Keep Me Safe’s major flaw isn’t the plot or characters. It’s the writing. I don’t know if Banks has jumped the shark or if she’s writing too quickly, but this book was unbelievably repetitive. In the first few chapters, Caleb confesses that he’d do it all over again at least four times. It takes away from the effect and is exhausting to read. On top of that, I know this is romance, but oh my stars, Caleb turned into such a vagina. I just could not take another redundant heartfelt speech from this “badass.” It was beyond nauseating. I quit at 66%.

Review Word Count: 246

Slow Burn

1. Keep Me Safe
2. In His Keeping
3. Safe at Last

Bitten (Women of the Otherworld 1), by Kelley Armstrong

4 Stars

bitten

Bitten is definitely paranormal romance, but there’s a lot more action and adventure to the story than is usual for the genre. That’s both the reason for the high rating and the reason I didn’t award that 5th star. The relationship between Clay and Elena is too central to the story not to categorize the title as romance, but also lacks the emphasis of a typical love story, because of the heavy and engaging plot. At times, I couldn’t decide if I wanted more Clay and Elena or if I wanted to hear more about this whole wolf thing.

The plot itself is original and complex, and a truly unique take on werewolf lore, without creating a new supernatural breed. Honestly, though, I think my favorite aspect of Armstrong’s writing is her characterization. None of her characters are truly perfect. Elena is sort of cold and angry. She holds a wicked grudge against Clay, who is pretty unforgivably barbaric at times, his choices differing greatly from the show. The choice between Clay and Phillip isn’t obvious to the reader, because Phillip is never painted as a villain. Once again, the relationship is not the sole focus of the story. Typically, with PNR, we enjoy the tale, but we know how it ends. This isn’t so in Bitten. Characters die. Hearts are broken. Not everyone is forgiven. It’s quite refreshing in the genre, if you’re looking for refreshing. There’s also the joy of the closely based Canadian show, now available on Netflix.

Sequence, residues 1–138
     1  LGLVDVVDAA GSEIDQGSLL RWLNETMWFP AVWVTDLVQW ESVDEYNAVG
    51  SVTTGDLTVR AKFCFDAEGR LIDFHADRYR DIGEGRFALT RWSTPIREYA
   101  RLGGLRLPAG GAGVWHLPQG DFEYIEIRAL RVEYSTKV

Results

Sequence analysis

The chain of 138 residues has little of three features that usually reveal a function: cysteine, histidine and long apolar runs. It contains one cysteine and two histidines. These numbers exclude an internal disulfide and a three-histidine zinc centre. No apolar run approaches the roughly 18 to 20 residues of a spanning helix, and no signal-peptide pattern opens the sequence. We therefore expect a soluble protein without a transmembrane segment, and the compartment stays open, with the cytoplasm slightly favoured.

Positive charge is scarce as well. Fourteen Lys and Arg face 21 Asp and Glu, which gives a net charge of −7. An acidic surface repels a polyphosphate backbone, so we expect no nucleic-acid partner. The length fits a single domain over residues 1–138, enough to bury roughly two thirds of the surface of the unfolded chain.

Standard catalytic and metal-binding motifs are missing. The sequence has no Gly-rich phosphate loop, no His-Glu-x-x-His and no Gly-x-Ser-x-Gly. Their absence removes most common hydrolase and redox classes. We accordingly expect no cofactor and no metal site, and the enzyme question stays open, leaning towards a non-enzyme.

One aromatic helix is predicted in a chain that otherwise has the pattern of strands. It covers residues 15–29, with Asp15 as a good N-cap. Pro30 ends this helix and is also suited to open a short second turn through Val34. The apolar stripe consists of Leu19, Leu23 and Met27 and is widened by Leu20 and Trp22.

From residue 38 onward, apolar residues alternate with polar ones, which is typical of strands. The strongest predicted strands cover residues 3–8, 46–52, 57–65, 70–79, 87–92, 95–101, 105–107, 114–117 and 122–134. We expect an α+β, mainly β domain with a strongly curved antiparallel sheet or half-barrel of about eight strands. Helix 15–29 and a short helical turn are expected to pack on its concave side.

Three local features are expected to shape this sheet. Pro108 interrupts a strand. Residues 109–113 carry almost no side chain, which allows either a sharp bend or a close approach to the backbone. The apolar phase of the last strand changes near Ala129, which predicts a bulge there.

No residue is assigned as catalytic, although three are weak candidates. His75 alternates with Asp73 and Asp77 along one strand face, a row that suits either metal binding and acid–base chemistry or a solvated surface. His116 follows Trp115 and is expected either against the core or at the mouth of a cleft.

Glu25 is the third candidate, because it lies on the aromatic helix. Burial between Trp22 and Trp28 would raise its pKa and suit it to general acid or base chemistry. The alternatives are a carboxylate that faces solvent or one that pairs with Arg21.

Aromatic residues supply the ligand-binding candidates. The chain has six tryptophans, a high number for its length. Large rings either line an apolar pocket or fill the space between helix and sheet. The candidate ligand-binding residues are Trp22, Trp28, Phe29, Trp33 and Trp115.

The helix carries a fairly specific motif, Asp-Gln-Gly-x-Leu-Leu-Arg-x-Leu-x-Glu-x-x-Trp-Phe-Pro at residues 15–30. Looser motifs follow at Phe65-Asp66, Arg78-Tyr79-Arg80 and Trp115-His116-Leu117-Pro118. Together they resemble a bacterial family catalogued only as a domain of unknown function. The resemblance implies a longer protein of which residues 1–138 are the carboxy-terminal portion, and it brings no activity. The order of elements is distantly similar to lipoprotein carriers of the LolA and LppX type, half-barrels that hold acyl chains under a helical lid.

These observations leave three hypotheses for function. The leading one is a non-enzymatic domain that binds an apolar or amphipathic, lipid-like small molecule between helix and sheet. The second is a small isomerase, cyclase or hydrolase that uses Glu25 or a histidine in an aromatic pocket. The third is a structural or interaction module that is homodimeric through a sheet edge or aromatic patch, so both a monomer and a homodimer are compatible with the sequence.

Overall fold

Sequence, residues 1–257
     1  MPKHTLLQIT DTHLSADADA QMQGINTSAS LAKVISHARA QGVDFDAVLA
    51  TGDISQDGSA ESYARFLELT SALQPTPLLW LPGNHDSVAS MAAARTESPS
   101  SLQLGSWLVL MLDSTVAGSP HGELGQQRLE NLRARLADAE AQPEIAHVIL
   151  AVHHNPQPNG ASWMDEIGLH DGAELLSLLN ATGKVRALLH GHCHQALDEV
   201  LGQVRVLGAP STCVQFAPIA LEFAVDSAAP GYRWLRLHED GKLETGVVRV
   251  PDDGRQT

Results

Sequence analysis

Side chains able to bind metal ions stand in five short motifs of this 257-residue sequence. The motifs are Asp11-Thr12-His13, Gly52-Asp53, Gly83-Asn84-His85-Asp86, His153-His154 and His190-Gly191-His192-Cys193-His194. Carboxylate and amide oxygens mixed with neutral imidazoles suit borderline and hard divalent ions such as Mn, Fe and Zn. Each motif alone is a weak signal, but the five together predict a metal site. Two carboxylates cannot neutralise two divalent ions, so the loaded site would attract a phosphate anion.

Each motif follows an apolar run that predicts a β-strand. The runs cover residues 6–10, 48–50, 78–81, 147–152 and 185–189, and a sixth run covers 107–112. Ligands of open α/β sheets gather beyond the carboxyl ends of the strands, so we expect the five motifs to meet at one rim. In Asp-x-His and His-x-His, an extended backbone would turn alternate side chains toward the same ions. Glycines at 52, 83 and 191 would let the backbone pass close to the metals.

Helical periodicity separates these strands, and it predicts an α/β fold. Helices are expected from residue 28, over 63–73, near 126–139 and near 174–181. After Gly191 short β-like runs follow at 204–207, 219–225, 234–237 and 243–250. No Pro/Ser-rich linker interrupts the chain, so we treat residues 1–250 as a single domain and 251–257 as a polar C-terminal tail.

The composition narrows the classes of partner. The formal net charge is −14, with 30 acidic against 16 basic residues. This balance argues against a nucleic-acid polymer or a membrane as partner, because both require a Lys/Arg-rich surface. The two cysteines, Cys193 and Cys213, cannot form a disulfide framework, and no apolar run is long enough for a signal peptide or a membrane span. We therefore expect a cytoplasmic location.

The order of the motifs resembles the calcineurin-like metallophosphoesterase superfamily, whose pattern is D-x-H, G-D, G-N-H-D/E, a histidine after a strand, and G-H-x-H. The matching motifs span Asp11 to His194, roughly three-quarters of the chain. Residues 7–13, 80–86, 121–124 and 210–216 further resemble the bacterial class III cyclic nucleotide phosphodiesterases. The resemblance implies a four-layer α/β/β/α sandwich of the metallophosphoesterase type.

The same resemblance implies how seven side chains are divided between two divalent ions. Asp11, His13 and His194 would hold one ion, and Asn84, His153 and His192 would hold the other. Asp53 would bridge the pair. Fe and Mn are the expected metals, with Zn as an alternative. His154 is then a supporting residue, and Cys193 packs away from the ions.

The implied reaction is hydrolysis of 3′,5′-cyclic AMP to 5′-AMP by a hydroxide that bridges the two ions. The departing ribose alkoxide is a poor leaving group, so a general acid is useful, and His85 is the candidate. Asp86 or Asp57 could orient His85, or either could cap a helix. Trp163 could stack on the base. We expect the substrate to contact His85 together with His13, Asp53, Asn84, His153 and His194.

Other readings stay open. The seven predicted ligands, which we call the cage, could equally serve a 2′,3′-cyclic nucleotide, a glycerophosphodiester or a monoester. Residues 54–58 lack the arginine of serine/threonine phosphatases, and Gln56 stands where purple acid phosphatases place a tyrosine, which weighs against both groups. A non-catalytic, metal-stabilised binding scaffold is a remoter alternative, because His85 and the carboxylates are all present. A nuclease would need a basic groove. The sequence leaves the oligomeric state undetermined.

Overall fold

Review Word Count: 250

Women of the Otherworld
1. Bitten
2. Stolen
3. Dime Store Magic
4. Industrial Magic
5. Haunted
6. Broken
7. No Humans Involved
8. Personal Demon
9. Living With the Dead
10. Frostbitten
11. Waking the Witch
12. Spellbound
13. Thirteen

Dark Desire (Dark Saga 2), by Christine Feehan

1 Star

dark desire

“The Queen of paranormal romance.”
USA Today

I’m a masochist. That’s the only possible reason I continued this story. In fact, there is a story here. Feehan just buries it under a junkyard of redundant melodrama. I seem to find these books engaging from the start, but quickly lose interest once the initially strong and defiant female characters cave to the sexy force of their alphas, cuz vaginas, yo. Besides the repetition, that’s my major issue with the writing. The characterization is just irritatingly inconsistent. We start with an independent survivor and end with one of those creepy sex dolls you can order online.

Shea has a blood disease and must take “transfusions”… orally. Oh, she’s also a doctor and doesn’t realize that that’s not a thing. That’s just drinking blood, but whatevs. She travels to the Carpathian Mountains to find information on her birth father while looking for a cure. There, she finds Jacques, her (unbeknownst to her) Carpathian lifemate, who’s been buried for seven years. Imagine her shock when he also has to have oral transfusions! She saves his life and then… well, nothing really happens. There are some Bad Vampires trying to kill them. There’s a battle scene. There are several timeline inconsistencies (kind of Feehan’s thing). The book is finally over after 300 pages of this shit. I’m pretty much done.

Review Word Count: 224

Series Reading Order (sans novellas)
1. Dark Prince
2. Dark Desire
3. Dark Gold
4. Dark Magic
5. Dark Challenge
6. Dark Fire
7. Dark Dream
8. Dark Legend
9. Dark Guardian
10. Dark Symphony
11. Dark Descent
12. Dark Melody
13. Dark Destiny
14. Dark Hunger (manga)
15. Dark Secret
16. Dark Demon
17. Dark Celebration
18. Dark Possession
19. Dark Curse
20. Dark Slayer
21. Dark Peril
22. Dark Predator
23. Dark Storm
24. Dark Lycan
25. Dark Wolf
26. Dark Blood
27. Dark Ghost

Dark Prince (Dark Saga 1), by Christine Feehan

2 Stars

dark prince

I’m not sure what sounds more suffocating: sleeping in the ground or being a Carpathian’s lifemate.